Did you use bones that were from a roasted chicken? If so, the fat (and some gelatin, collagen, etc...) would be in the bottom of the roasting pan. That needs to be transferred to the crockkpot w/ the bones. The culinary term is "deglazing".

The crockpot was brought to a boil and then held at a simmer throughout the cooking time, yes?

For the kind of broths we're going for here, you need stuff like skin, cartilage, meat, and so on. As others have mentioned, things like oxtail, chicken feet, knuckles, necks, will get you there.

You probably didn't have enough of the right type of bones. You can use your current broth as the liquid for a new broth if you're really anxious to try it again right away!

97d98cdf2f18fa2c0bd8567ea1159609

(1047)

on November 21, 2012
at 11:54 PM

Thank you! The bones were from a roasted chicken and they did have a little bit of meat left on them. Now that the broths are in mason jars and in a fridge, there is a small bit of white film that has formed at the top now that they are cooled; however, it is still very fluid, and unlike a gelatin that everyone describes. I will do my best to add the right kind of stuff for the broth... but I am new to Paleo.. so the idea of adding chicken feet, knuckles, necks, and such creeps me out a bit. Baby steps :)

1
7bab99c303f1e83d3d9722a414dd7b45

(524)

on November 20, 2012
at 09:16 PM

It took me 3 tries to get it right, with the chicken carcass.

It could be too high of temperature, which is tough to regulate in a slow cooker. It could be too much water.

The first time mine worked, I let the bones and scraps soak in cold water with 1 tbsp vinegar added first, then turned it on, got it bubbling and lowered the heat as low as I could to keep a very low simmer - like barely breaking the surface low.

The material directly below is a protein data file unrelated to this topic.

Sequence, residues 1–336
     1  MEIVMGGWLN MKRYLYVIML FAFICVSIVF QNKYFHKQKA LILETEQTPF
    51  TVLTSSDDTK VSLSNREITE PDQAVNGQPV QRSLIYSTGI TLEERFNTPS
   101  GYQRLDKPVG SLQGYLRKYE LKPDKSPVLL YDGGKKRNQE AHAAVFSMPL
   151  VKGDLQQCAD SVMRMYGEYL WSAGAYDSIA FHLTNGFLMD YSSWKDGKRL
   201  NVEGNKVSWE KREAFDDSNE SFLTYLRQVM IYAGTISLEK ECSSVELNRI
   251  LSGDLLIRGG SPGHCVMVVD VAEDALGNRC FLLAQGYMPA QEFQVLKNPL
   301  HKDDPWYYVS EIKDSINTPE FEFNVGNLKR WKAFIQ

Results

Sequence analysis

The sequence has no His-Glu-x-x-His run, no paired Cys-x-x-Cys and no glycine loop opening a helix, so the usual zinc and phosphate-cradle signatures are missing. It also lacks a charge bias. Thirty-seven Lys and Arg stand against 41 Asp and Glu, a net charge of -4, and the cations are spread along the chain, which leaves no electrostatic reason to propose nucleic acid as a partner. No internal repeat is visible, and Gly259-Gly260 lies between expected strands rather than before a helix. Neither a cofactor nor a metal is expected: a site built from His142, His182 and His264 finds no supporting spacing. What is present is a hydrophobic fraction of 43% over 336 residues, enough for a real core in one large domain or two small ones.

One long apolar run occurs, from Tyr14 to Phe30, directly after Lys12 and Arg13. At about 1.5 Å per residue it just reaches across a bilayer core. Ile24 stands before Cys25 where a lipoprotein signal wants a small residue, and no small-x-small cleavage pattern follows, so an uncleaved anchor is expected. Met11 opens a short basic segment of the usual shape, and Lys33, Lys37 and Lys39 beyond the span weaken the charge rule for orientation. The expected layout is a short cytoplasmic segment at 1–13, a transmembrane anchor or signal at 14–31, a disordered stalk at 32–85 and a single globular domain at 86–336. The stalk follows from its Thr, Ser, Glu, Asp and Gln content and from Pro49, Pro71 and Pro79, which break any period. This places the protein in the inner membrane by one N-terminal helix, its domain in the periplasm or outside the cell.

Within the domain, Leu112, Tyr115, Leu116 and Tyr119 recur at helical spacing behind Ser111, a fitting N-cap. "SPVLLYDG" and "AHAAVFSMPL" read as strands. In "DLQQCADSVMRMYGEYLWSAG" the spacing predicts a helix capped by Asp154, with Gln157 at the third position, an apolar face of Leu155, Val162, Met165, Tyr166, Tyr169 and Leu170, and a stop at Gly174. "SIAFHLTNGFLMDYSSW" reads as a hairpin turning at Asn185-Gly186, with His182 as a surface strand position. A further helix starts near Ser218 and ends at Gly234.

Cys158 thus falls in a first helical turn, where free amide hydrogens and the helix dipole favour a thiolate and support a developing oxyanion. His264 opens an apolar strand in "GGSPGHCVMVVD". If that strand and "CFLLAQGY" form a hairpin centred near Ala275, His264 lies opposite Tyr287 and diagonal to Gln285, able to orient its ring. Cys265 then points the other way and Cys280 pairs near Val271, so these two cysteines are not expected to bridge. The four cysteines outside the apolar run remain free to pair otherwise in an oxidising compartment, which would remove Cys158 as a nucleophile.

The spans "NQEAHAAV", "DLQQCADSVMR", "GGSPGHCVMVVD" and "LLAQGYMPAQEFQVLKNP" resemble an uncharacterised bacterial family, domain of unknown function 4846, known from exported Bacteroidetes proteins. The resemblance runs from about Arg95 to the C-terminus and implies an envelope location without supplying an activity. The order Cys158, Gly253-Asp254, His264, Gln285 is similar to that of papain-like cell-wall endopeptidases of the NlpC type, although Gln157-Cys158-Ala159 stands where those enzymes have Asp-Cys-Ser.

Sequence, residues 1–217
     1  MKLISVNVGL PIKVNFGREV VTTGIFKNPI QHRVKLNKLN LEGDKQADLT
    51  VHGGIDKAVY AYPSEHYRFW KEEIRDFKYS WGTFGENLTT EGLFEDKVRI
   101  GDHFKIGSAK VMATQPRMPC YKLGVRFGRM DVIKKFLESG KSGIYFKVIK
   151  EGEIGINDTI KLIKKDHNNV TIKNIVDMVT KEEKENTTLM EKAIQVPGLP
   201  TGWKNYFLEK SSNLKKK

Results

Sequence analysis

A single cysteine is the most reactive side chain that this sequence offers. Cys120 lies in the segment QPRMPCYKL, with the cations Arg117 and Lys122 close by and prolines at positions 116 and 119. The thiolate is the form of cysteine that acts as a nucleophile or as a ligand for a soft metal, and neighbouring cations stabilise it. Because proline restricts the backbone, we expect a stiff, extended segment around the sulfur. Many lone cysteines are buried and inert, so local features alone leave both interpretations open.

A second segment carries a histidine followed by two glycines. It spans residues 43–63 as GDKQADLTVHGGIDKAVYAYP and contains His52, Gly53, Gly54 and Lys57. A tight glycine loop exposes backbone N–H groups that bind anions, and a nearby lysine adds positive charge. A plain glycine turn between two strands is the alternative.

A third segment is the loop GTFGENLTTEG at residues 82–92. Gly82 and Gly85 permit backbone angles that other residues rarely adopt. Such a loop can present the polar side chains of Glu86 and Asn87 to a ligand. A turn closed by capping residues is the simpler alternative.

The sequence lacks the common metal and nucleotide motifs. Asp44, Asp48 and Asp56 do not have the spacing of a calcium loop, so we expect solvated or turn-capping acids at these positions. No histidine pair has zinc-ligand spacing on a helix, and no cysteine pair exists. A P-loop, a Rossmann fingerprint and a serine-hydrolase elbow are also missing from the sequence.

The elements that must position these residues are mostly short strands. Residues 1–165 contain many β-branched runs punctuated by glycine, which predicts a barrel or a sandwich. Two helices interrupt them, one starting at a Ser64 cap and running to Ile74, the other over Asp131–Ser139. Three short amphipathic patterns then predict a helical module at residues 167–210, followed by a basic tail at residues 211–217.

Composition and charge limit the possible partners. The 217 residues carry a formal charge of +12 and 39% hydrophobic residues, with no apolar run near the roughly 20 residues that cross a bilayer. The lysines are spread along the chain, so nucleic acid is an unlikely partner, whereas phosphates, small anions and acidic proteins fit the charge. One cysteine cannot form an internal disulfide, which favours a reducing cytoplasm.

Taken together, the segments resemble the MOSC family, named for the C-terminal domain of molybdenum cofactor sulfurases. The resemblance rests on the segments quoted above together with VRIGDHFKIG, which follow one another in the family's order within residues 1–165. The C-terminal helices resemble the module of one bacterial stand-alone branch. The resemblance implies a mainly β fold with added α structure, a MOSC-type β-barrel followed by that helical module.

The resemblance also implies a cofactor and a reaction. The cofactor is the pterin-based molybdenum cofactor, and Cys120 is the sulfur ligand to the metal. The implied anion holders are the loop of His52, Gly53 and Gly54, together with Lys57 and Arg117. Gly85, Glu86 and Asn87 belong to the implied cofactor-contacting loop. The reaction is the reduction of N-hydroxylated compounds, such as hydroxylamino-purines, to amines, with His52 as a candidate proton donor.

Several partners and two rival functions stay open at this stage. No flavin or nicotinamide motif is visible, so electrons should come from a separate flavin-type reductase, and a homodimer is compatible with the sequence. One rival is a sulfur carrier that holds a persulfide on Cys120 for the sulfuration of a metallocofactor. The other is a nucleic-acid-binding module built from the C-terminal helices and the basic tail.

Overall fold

I leave chicken for 24 hours, the bones get so soft I can mash them with a potato masher or fork.

It seems to be trial and error til you get a feel for it. Good luck

1
7a6529ea25b655132fe58d793f95547a

(2040)

on November 20, 2012
at 06:53 PM

Gelling up a broth can be a fickle thing. Cooking your broth for too long, over boiling, and using too much water can prevent it from gelling up. 20-25 hours sounds like a long time for chicken bones.

I should say too it's still really healthy even if it doesn't gel. What get's mine to gel up each time is adding in some pigs feet, there is a lot of collagen in all the joints of the feet and this seems to help. You can also try oxtail or just some meaty soup bones as well if you can't get any feet/joints.

here's a video of a good simmer: http://www.thehealthyhomeeconomist.com/video-the-perfect-simmer-on-your-stock/

I would agree with Robin feet help it gel and 12-14 hours for chicken stock.

1
089dd41b18fbb95ebb5347cded708d98

(5635)

on November 20, 2012
at 06:45 PM

i have made bone broth about 10 times and only once have i ever had it turn to gelatin. i have never done anything different any of the times. i think it's just luck, really. i do mine for 9 hours because i'm not allowed to have cooking appliances on when i'm asleep. i'm surprised since you do it for twice as long as me that yours didn't get to a gelatin state. it's still full of nutrients though so i wouldn't worry that it's not gelatin.

0
Bd614f091f0625dea86bad5791471f2d

(775)

on January 04, 2013
at 09:48 PM

I make bone broth about once a week, so I will share my learning process:

I used to use the slow cooker, letting it simmer for about 12 hours. I didn't get the gelatin that I was hoping for. Some people have good luck with the slow cooker, others don't. I think it depends on the cooker itself.

Then I made it on the stove top, and found that sometimes it would turn out well, other times it wouldn't. Eight hours, 10 hours, the time didn't seem to make a difference.

Attention to detail showed me that simmering was not enough. It has to be more of a light boil. What I mean is, when I simmered my broth so that it produced small bubbles, I didn't get very much gelatin at all. Now, I turn up the heat a bit so that it is more of a boil. I have to keep an eye on it, though, because the water cooks down. I still get a thick gelatin even if I have to add some water.

Once I even forgot about it. It cooked down to nothing. I decided to add some water just to see what would happen (there was residue at the bottom of the pot). It still turned out great. By the way, I rarely remember to add vinegar or lemon juice. I know you're supposed to, I just forget. But I get super-thick gelatin every time now.

Hope this helps.

Answer Question


Get FREE instant access to our
Paleo For Beginners Guide & 15 FREE Recipes!